Millions of bison used to inhabit North America until the turn of the century, when they were slaughtered to near extinction. Enter Turner, who founded a commercial industry for bison with the goal of increasing heard counts. Now the buffalo population amounts to about 150,000 and the species is no longer deemed endangered.   

“One way we have achieved success and balance is with bison ranching,” Turner says proudly. The ranches, the restaurants and the reforms he has made to wild land ecosystems all come together in a balance of nature and commerce. 

“There is something inherently powerful and beneficial about spending time in nature and appreciating our reliance on a healthy, functioning ecosystem. That’s one of the reasons we decided to launch Ted Turner Expeditions. We want visitors to enjoy the outdoors, while educating them at the same time. Experiential education is not a new idea. Lifelong learning is often facilitated by time spent in the wild. These experiences provide an arena for connecting with the natural world in a meaningful way, especially when young people and families can share in a moment of discovery through actually ‘doing’ together,” Turner says, his comments remarkably sanitized for someone who has been called “the Mouth of the South” and “Captain Outrageous.” Perhaps he so carefully weighs his remarks because he cares so much about the land, what’s on it and how it’s cared for. 

His marketing materials also wax poetic about the tour offerings: “Ted Turner Expeditions is rooted in two million acres of wild, private North American landscape acquired by Ted Turner as a pioneering investment in balancing conservation and economic sustainability. The restoration of habitats, conservation of threatened and imperiled species, and increase of biodiversity are the cornerstones of Ted’s vision. His vast, pristine, working landscapes and their ground-breaking conservation practices give voice to the visionary in all of us. ... Ted Turner Expeditions is committed to making a difference by inspiring individual action to preserve the wonder of nature.”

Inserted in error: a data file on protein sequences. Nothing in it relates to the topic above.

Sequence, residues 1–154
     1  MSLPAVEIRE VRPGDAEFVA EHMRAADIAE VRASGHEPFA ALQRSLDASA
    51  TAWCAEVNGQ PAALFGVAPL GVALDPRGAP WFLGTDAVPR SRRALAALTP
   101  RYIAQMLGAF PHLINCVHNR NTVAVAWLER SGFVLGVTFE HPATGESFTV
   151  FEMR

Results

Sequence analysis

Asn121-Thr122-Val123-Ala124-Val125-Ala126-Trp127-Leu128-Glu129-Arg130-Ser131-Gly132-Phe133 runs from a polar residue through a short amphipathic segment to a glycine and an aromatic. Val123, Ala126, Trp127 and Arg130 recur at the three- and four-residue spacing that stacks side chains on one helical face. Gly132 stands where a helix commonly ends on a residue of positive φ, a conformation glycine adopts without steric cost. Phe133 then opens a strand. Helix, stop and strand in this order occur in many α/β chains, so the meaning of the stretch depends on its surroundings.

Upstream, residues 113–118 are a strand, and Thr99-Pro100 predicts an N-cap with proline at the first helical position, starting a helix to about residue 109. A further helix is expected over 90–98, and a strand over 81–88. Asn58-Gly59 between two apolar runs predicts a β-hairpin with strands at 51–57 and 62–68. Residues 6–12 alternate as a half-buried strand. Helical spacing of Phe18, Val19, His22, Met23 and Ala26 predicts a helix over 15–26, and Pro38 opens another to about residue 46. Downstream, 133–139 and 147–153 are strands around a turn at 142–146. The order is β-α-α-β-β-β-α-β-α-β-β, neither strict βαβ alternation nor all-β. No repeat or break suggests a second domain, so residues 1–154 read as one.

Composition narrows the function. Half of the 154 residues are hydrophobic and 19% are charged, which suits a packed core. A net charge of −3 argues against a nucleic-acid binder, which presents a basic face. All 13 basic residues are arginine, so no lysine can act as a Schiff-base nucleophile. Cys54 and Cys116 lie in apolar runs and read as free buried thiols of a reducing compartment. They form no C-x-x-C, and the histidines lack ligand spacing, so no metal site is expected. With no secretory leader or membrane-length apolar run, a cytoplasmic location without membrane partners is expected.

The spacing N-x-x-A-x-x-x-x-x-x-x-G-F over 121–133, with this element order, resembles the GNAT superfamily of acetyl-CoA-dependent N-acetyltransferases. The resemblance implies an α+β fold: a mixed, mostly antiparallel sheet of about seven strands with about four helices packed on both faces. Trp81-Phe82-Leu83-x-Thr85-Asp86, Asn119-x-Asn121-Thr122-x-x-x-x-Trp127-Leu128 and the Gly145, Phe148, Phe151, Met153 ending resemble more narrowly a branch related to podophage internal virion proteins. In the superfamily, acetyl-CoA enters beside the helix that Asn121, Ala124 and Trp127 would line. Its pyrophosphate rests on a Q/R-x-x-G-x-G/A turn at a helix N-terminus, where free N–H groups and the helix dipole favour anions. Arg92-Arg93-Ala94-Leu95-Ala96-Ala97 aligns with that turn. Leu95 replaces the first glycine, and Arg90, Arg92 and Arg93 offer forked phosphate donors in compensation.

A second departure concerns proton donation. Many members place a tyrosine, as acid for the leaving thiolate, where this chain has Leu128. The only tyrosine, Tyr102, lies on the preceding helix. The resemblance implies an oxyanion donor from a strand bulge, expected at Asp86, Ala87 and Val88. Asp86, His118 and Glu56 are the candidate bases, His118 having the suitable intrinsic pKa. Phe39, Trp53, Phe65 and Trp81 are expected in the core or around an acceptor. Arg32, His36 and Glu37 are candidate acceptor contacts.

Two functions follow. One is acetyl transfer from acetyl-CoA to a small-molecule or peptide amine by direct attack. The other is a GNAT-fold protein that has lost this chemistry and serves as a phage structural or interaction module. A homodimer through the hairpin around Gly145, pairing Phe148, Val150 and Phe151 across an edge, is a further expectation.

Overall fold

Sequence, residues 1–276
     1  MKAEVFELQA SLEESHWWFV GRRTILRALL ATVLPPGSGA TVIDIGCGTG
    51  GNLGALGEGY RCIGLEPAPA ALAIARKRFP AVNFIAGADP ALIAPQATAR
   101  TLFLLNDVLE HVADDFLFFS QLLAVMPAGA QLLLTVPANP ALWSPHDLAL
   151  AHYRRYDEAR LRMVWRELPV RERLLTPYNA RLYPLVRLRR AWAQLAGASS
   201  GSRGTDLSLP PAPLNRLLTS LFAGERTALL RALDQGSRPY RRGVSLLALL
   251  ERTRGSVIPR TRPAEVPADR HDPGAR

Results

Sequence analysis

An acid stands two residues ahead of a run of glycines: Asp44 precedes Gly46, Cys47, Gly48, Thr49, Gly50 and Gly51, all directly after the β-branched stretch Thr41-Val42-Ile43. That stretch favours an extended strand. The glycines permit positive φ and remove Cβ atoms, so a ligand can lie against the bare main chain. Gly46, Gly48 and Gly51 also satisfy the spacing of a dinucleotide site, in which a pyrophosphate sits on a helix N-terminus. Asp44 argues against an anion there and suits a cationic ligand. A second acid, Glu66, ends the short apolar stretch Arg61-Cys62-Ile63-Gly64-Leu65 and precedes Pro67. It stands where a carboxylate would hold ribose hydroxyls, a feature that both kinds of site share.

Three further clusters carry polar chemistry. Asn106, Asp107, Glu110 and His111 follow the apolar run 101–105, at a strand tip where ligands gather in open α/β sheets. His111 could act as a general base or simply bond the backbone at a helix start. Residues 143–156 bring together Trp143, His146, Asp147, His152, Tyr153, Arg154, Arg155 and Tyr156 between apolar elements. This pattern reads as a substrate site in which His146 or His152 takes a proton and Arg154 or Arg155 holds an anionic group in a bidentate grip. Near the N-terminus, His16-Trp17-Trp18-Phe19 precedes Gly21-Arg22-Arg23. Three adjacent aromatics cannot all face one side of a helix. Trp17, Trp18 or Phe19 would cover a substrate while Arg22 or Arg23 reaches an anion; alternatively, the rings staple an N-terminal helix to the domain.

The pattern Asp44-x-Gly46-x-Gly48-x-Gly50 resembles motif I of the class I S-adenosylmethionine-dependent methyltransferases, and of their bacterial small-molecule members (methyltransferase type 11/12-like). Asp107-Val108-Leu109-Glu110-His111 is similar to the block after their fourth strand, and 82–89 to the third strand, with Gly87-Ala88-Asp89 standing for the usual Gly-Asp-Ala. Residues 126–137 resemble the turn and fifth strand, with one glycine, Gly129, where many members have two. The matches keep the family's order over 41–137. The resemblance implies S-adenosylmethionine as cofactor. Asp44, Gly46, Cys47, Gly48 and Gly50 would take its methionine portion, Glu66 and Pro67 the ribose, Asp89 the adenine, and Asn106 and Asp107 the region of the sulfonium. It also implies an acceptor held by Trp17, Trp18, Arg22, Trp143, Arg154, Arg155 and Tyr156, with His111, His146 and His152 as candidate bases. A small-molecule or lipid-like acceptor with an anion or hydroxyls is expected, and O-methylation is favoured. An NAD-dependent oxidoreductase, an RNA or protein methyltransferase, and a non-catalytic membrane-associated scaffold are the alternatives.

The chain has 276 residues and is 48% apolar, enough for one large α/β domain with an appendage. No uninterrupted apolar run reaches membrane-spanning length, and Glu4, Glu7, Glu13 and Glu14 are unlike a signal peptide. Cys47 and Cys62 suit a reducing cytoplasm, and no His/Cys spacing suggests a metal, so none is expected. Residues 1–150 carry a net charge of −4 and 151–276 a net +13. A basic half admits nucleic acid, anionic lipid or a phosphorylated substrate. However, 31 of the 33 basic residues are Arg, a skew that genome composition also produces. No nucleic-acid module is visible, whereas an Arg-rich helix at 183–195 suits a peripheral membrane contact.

The tours are different enough—“extraordinary” is an apt descriptive. Waking up on the Ladder Ranch in the bedroom Turner’s ex-wife, actress Jane Fonda, designed, with its four-post bed, pink walls, Mexican blankets and bearskin rugs, the sunrise beats a hard blood orange against the jagged cliffs, crafting an illusion of color reminiscent of a lavish Bierstadt painting. On the nightstand is a piece of memorabilia with Henry Fonda’s name on it; a buffalo statue that was a gift from Burt Reynolds stands on another table, as well as a collection of family photos. If you have ever wanted to step into the shoes, nay boots, of a billionaire and experience life as he would have it, this is the opportunity.

To be sure, this is no Four Seasons resort. The rustic Americana accommodations match the environs. But at the Sierra Grande Lodge and Spa, you’ll dine on fine cuisine and drink fine wine if that is of interest. You’ll take in a famed mineral bath and perhaps indulge in a massage. At the Ladder Ranch, there is a private chef, tour guides and staff to suit every need. Just wandering around the property is actually an activity in and of itself. That’s because the surroundings present a certain kind of solace. It sets the destinations apart from the typical adventure tour or national park. Ted Turner Expeditions have all the makings for mass appeal yet also cater to the eco-conscious elite.

Mokotoff says from a business and marketing perspective, his biggest challenge is to not pigeonhole the type of client who may enjoy many of the more provocative aspects the expeditions have to offer. “We may have a client with a different economic means who could stay at Sierra Grande and do a half-day or a full-day tour on either the Ladder or Armendaris, for example. That type of client could be someone who doesn’t have the desire to exercise like I might want to, and so we have driving tours. ... We have high-energy tours where you may be doing moderate to extreme hiking, moderate to fairly extreme mountain biking. We’re going to be offering mountain climbing.”